There are more options to be uncovered. Go out there and find and document them!
Want a resource? Check out the 3rd edition of the Bailey and Burch text Ethics for Behavior Analysts (2016), read more on Cusp Emergence , or check out a risk versus benefit tool (I like to do this on a whiteboard with my teams).
Convinced? Have a question? Drop us an email. And thanks for reading about this important topic. We’d love to see how YOU document and discuss risks!
(Part 12 of a series of posts about Trauma-informed behavior analysis by Dr. Teresa Camille Kolu, Ph.D., BCBA-D)
If you’re a behavior analyst, perhaps you read that title as “Is it behavioral to treat reactive attachment?” or “is it appropriate to use behavior analysis with a person who has been diagnosed with reactive attachment?” Perhaps you are really wondering, “is there anything I can do as a behavior analyst to help someone who has been affected by reactive attachment disorder?”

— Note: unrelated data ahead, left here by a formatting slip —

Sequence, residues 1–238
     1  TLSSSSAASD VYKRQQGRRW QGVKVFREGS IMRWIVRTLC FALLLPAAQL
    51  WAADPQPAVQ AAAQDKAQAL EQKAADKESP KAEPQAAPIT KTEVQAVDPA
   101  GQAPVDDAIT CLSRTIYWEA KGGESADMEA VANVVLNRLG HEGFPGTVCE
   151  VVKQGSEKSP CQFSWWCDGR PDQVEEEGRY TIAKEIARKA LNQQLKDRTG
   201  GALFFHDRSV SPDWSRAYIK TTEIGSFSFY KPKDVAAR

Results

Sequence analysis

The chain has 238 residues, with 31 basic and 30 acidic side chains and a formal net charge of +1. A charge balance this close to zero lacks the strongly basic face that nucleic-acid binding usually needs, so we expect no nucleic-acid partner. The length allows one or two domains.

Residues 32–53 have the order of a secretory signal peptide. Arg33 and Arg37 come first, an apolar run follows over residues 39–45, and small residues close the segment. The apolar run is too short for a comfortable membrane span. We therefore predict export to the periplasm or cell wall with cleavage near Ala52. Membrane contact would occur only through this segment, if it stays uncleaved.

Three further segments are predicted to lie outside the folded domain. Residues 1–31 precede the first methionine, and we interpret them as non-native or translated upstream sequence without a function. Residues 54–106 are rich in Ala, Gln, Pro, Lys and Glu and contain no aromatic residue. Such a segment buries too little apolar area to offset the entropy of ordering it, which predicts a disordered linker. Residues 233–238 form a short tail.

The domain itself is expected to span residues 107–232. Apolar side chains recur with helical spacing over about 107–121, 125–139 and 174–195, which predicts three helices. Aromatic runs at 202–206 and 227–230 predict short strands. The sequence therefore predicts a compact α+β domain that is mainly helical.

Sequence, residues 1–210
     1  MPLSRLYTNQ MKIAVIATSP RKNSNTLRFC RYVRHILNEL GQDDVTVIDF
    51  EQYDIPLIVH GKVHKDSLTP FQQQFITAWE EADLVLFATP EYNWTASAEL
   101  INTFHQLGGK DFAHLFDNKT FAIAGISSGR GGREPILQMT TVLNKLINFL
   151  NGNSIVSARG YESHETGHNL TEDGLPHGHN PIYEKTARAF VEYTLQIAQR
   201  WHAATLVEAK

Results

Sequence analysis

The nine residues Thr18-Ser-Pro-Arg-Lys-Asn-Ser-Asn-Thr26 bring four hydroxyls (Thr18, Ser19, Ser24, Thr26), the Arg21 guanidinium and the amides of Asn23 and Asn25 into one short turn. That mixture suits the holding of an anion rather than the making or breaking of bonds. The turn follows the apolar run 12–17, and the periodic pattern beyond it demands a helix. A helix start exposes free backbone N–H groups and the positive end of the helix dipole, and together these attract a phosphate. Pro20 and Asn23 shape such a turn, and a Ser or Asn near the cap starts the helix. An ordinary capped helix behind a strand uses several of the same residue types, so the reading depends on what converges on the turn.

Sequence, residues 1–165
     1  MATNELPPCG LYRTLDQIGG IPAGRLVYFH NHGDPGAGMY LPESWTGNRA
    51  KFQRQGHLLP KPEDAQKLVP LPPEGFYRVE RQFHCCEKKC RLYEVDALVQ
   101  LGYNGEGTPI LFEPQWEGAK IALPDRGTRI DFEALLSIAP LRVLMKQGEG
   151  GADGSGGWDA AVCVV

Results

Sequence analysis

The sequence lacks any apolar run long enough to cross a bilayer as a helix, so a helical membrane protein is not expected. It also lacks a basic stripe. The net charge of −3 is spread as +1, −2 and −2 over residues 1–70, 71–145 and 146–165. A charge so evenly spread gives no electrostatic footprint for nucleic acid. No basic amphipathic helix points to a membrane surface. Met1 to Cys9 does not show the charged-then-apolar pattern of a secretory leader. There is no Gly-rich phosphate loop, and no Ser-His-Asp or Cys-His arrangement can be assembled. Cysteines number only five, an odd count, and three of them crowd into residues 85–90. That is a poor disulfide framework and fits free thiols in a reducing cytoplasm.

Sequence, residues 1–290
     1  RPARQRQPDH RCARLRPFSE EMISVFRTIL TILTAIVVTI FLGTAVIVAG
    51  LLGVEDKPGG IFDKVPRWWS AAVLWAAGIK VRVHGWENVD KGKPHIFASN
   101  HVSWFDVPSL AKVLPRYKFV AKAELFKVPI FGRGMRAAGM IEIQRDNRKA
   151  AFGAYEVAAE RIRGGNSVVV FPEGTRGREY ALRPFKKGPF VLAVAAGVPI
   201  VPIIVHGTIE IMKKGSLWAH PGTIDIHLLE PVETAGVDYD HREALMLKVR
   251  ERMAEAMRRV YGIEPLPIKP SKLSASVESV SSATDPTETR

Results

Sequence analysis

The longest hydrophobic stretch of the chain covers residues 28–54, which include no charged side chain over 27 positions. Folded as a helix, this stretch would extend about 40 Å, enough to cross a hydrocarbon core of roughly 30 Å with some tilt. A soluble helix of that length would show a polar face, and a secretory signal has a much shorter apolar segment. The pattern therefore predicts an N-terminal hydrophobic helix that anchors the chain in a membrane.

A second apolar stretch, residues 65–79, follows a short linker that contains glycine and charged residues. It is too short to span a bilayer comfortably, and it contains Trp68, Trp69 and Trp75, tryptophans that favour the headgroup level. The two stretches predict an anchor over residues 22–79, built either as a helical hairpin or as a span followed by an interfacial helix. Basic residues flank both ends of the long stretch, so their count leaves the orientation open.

These are all good questions. First, to pose the problem another way, and to see the depth of the controversy, let’s go over some other observations I’ve heard, from mental health therapists to educators to families to BCBA’s: “Behavior analysts shouldn’t mess with reactive attachment.” “Kids with reactive attachment disorder don’t respond to behavior analysis.” “Families (or educators) whose children (or students) are suffering after reactive attachment related diagnoses can be harmed by or mistreated if people use reactive attachment.” “Reactive attachment is not a behavioral term and shouldn’t be treated with ABA.”
Now if you’re a longtime blog reader, you’ll find other ways of addressing these questions elsewhere on this blog. (I especially like talking to educators, family members and staff about what to do when praise doesn’t work, reminding us all that behavior is INDIVIDUAL, trauma-informed behavior analysis might look VERY different than that old discrete trial program you saw in college, and behavior analysis is not one cookie-cutter bag of tricks.) But I continue to hear questions about it, especially from educators, family members, and hospital and day program professionals faced with supporting the “toughest” cases. Continue reading
acquisition, acquisition predicts extinction, behavior analysis, behavior cusp, extinction, previous learning affects new learning, trauma, trauma-informed behavior analysis, variability, variability during acquisition predicts variability in extinction